British Columbia had the biggest drop in profit from alcohol sales among Canadian provinces in the fiscal year ended March 31, 2014, according to data that Statistics Canada released May 4.
The province generated almost $877 million in profit from alcohol sales in the 2014 fiscal year compared with $929.6 million a year earlier, according to the nation’s number cruncher.
That 5.7% drop was worst among provinces although Nunavut was the region with the worst drop, with a 15.5% decline. The only other province to see a year-over-year drop in profit from alcohol sales was New Brunswick, with a 1.8% drop.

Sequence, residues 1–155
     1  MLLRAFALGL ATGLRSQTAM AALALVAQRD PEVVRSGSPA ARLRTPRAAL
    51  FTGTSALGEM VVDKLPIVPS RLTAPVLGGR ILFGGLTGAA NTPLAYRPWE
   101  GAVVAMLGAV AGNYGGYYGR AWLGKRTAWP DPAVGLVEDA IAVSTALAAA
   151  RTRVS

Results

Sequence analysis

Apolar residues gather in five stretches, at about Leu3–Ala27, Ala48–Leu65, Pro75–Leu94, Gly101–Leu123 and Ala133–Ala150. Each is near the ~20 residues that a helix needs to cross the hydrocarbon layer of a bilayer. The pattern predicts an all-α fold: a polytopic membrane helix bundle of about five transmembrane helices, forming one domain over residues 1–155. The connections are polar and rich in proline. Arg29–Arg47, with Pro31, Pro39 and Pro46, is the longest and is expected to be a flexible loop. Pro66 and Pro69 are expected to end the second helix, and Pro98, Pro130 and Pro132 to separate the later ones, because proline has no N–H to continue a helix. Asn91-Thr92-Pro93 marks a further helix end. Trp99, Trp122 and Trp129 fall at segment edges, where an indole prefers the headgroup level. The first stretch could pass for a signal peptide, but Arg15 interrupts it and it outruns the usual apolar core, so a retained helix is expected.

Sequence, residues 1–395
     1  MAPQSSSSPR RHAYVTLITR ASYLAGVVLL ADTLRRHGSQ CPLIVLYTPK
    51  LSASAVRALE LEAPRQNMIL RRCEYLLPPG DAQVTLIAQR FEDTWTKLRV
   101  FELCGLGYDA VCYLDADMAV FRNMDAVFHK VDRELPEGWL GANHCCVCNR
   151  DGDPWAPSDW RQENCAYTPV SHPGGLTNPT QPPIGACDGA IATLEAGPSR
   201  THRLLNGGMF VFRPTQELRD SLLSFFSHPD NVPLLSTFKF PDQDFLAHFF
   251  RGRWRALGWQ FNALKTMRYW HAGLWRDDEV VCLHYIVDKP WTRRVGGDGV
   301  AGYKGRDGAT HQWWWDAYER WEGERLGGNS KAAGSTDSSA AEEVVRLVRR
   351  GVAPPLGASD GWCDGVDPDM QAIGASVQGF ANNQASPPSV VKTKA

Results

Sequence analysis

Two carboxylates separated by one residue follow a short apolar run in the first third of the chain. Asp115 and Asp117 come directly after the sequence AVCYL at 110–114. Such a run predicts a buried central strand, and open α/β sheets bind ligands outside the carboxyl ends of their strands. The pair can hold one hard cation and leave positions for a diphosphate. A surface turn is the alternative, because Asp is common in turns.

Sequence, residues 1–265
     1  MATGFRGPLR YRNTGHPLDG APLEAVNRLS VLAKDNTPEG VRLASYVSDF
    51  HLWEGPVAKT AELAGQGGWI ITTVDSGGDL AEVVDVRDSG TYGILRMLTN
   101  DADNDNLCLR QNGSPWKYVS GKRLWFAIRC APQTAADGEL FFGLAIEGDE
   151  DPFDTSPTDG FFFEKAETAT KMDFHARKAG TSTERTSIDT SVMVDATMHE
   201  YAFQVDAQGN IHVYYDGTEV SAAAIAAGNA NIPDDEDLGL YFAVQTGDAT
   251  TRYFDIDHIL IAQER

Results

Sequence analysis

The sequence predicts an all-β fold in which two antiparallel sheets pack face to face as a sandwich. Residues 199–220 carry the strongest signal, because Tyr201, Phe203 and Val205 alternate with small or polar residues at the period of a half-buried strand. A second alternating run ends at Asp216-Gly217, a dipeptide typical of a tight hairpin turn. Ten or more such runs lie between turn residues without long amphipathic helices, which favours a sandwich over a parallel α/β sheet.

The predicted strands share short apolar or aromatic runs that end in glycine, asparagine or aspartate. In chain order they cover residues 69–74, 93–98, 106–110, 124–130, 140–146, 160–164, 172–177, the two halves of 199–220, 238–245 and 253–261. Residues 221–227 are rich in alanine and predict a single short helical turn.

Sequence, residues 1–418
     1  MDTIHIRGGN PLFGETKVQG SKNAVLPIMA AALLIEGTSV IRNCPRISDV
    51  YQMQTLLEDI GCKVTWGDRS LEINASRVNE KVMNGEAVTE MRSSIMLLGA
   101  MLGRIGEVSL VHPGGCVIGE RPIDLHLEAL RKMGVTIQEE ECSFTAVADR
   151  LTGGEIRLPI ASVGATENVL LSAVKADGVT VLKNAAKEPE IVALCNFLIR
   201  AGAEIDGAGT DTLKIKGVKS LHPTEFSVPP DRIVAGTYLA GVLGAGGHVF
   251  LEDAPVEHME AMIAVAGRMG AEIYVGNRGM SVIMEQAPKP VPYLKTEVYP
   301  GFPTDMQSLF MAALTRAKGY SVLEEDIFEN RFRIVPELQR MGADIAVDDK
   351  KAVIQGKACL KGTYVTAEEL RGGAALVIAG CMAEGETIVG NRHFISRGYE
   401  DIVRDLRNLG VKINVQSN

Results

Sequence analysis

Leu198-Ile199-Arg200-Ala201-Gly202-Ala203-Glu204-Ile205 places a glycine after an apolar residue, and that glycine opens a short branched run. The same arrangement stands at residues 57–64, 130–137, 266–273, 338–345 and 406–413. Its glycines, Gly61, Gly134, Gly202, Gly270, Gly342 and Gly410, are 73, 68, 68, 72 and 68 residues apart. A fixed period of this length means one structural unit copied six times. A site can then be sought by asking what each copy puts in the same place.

Canadawide, profit nudged up 0.4% to more than $5.5 billion, compared with $5.485 billion in the 2013 fiscal year.
Overall, liquor retailers in Canada sold $20.5 billion worth of alcoholic beverages in the 2014 fiscal year, up 1.1% from the previous year.
Beer remained the alcoholic drink of choice for Canadians with $8.7 billion in sales.
Ciders, coolers and other so-called “refreshment” beverages saw the biggest sales surge: 9.5%. That outpaced the 2.3% sales growth for wine as well as the 0.5% growth for spirits and the near 0% growth for beer.
“Net income and other government revenue derived from the control and sale of alcoholic beverages, including excise taxes, retail sales taxes, specific taxes on alcohol as well as licence and permit revenues, were $10.5 billion in 2013/2014,” Statistics Canada noted.
Within the spirit category, gin sales increased the most (2.9%), followed by whisky sales (2.3%). The area within spirits that had the biggest drop in sales was liqueurs, which fell 2%.